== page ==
'Thelma & Louise' Ending Deleted Scene Shows What Really Happened to Them

It has been 30 years since the release of Thelma & Louise.

The Ridley Scott-directed film, which is hailed as a classic by many, was released in 1991 and followed the story of two friends, Thelma (Geena Davis) and Louise (Susan Sarandon), who flee to Mexico after Louise kills a man who tries to rape Thelma.

Thelma & Louise is perhaps most famous for its dramatic ending, which sees the pair surrounded by police and on the verge of being caught.

Instead of surrendering, Thelma and Louise opt to "keep on going" and drive over the Grand Canyon in their 1966 Thunderbird.

The last scene viewers are shown is the pair holding hands as they drive the car over the edge. The shot cuts as the Thunderbird is still mid-air over the cliff before blending into a bright white end-screen.

After some fans were left debating whether or not the duo survive, all questions were put to bed in a deleted scene on the DVD edition of the movie.

Unlike most alternative endings, this one picks up right where the theatrical release ends and acts as an extended edition of Thelma & Louise, teasing an insight into what happened to them.

As the pair drive off the edge, the extended scene then shows it plummeting rapidly into the vast rocks as an aggravated Hal, played by Harvey Keitel, runs to the edge to watch.

The clip then cuts to a final shot of the pair driving off together into the distance, which appears a symbolic representation of Thelma and Louise's iconic "keep on going," rather than a miraculous survival.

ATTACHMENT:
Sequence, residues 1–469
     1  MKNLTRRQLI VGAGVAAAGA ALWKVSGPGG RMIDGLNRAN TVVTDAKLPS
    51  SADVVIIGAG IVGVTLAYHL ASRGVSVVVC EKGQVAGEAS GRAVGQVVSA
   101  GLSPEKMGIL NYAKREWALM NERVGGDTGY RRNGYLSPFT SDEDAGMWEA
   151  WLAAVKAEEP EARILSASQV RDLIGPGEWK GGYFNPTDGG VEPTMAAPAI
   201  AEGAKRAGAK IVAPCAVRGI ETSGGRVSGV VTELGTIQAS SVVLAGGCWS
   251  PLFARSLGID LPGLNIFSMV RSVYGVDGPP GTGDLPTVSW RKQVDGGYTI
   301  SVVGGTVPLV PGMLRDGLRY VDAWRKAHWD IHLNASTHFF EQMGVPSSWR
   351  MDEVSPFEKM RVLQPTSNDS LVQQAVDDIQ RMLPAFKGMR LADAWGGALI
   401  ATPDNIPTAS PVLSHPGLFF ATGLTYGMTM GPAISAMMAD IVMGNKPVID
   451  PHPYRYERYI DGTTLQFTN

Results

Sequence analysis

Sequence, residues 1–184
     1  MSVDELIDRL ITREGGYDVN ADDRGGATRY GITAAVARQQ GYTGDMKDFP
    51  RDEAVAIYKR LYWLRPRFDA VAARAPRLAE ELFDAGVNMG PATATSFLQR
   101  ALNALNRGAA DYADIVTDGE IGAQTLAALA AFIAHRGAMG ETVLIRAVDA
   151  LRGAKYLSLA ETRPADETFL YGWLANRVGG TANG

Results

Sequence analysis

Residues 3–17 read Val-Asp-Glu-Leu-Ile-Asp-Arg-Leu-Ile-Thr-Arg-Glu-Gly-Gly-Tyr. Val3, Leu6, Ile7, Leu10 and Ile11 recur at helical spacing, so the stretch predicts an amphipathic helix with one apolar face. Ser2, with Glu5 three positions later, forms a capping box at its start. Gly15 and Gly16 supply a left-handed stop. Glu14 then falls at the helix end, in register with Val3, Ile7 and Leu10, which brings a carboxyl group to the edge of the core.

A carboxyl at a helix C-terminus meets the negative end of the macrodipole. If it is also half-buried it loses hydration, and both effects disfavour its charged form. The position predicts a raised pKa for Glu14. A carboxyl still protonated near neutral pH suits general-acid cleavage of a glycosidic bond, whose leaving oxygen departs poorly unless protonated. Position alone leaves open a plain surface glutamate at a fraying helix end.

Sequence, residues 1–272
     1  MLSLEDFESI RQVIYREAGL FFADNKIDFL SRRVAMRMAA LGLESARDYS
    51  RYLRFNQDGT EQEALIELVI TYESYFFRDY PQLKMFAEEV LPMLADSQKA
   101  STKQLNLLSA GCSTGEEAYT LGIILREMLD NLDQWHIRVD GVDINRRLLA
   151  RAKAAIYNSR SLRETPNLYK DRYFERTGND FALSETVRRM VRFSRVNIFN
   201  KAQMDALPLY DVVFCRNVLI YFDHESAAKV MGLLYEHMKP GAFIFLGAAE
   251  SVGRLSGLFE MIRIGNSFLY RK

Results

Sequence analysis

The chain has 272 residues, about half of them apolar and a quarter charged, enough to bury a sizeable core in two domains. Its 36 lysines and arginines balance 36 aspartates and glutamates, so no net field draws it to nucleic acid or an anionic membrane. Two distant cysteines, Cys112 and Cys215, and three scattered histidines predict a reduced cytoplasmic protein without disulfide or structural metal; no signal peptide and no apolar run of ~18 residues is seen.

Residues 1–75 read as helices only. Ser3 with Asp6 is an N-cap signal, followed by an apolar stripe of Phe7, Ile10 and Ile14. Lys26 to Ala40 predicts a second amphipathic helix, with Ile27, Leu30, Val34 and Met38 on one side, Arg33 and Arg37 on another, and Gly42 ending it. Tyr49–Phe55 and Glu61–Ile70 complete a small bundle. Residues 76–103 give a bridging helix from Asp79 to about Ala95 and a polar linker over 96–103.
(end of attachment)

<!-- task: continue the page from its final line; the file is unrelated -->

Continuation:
Notably, the extended ending opts for B.B King's "Better Not Look Down," instead of the movie's original Hans Zimmer score.

The ending was cut down prior to the film landing in theaters.

Speaking about the decision to go with the shorter edit in 1997, Scott told Entertainment Weekly: "You know they're gonna die. But I wanted to go out on the high of the car in control."

Shockingly, at one point, the film almost had a completely different ending altogether.

Sarandon told the publication that Scott wasn't initially sold on the ending written by the project's screenwriter Callie Khouri.

"When I met with Ridley, I said, 'So really, are you going to... don't have me do this and then when you test it and everybody gets bummed out, you're going to reshoot and we're going to be alive after all,'" she explained. "And he said, 'Well, I can tell you that you will definitely die, but I'm not sure about the other one.'"

Scott then suggested that Louise may push Thelma out of the car to save her.

However, he later decided to stick with the original ending, which Sarandon said she felt the characters had earned.

"Thelma & Louise" turns 30 today
Susan Sarandon and Geena Davis taking Polaroid of themselves in a scene from the film "Thelma & Louise", 1991. "Thelma & Louise" celebrates its 30th anniversary today. Metro-Goldwyn-Mayer/Getty Images